Okay. Cyprus is not going to win this competition.
Here's why. You don't win the Eurovision with a song that varies significantly in tempo and has very different sections. It doesn't matter if it's otherwise a good song - look at Israel crashing and burning last year. You simply can't win with a song with very different meter sections.
I could make tedious lists of winners to try to prove that point but for the sake of brevity just look at the most popular song contest entries of all time: the one exception to the "steady tempo" rule is "Volare", which (besides obviously not winning) is from an era before the format settled and before the 3-minute rule, allowing Domenico to build it up properly.
The question is obviously why this trend continues rather than establishing its existence. Part of it is obviously the drop in energy but there's another aspect to it, at least in this entry: the overburdened verses. The verses are simply too long and the chorus too weak to work, and the expected punch-dip-punch of a normal pop song never happens. And that means it never gels together as a proper Eurovision song.
I'll explain what I mean. When it comes to Eurovision, The Manual pretty much had it nailed: start by establishing your hook, then sneak in any old rubbish as a verse, before jabbing your hook in again and again. Cynical? Look at all those "Congratulations" entries - the vast majority use the "hook, verse, chorus with hook" approach as their starting point. Some start with a chorus but the best ones are slightly more subtle, suggesting the hook with an instrument, or part of it or a variation of it, or even just the rhytm of the vocals or the harmonic progression and beat. I think Malta does it very well this year:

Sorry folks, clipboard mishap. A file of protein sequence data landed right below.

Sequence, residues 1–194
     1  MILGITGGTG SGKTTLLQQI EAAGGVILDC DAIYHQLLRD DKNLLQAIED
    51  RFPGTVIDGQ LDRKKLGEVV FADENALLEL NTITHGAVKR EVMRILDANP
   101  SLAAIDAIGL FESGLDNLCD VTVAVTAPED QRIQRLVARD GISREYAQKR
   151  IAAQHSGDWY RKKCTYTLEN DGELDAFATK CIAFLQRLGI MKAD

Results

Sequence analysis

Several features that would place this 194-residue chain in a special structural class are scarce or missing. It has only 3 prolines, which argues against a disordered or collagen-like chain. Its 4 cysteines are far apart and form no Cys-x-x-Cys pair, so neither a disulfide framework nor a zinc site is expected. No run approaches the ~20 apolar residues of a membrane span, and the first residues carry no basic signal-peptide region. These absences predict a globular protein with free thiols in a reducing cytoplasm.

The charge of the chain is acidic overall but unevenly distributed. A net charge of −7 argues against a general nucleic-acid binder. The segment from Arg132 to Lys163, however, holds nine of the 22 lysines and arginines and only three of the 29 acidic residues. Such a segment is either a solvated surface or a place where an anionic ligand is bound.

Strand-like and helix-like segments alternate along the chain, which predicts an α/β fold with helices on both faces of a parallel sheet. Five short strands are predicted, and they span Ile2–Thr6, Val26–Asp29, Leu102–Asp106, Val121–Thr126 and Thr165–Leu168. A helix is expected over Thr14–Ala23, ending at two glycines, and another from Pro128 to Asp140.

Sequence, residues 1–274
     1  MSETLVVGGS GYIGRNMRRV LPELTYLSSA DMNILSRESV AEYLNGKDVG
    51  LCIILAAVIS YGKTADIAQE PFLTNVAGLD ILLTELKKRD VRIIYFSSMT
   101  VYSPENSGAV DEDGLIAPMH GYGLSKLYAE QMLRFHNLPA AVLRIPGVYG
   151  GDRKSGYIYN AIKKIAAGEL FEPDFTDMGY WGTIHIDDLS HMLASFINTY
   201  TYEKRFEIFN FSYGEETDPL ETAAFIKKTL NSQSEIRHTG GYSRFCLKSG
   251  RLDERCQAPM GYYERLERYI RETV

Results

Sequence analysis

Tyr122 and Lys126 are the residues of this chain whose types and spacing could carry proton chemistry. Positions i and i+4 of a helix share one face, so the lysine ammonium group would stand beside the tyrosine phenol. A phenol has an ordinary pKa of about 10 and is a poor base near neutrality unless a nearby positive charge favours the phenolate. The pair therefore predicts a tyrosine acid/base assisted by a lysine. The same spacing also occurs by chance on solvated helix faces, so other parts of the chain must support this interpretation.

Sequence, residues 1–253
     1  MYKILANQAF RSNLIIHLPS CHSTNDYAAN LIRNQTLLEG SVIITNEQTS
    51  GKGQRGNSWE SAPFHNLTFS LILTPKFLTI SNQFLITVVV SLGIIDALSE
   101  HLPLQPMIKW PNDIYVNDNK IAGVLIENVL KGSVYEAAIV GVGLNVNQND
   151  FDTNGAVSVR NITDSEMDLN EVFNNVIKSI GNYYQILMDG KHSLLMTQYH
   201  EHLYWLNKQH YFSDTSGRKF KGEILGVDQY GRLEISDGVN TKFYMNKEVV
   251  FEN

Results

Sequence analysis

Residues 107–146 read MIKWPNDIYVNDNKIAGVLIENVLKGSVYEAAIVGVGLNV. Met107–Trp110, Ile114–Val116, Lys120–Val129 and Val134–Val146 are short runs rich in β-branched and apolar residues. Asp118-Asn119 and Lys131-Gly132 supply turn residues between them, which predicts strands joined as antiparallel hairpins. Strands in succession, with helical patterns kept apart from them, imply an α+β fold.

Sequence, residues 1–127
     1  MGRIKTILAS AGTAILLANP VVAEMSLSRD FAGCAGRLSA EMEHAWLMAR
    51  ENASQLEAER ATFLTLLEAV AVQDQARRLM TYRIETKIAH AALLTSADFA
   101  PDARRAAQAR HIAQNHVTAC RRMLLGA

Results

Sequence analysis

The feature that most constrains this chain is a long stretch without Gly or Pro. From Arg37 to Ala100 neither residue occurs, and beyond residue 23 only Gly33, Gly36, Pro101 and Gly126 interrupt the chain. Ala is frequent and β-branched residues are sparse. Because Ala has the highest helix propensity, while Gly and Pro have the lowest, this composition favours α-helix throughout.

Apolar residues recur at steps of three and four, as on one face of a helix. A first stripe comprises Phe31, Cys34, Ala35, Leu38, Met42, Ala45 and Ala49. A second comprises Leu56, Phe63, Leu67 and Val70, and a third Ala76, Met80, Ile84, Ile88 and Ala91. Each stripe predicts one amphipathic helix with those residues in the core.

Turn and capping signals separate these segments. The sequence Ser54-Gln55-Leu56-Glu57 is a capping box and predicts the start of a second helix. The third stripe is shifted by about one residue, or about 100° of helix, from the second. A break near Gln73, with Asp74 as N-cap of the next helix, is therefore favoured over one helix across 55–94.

"Vodka" is my pick of the bunch to win it so far and it conforms perfectly with the rules - it establishes a hook/progression that runs under the chorus and comes back again at perfectly timed intervals. I've not seen anyone tip this but I'd be surprised if it didn't finish quite high in the rankings.
One interesting thing about verse balances is that while you can have too heavy verses like "Femme Fatal" does, where the chorus essentially is just a variant of the verse, you can also go too heavy on the chorus. In the Swedish pre-selection semifinals this weekend the media tipped huge stars Carola and Andreas Johnson to win it comfortably, yet they only finished third... With a song that's basically an extended chorus with some bare slivers of verse and a couple of bridges joining it together.
It seems if you're going to compete in the Eurovision you've got to understand the format.
Xandão y Vicente Pedraza on LAndscape Radio
3 weeks ago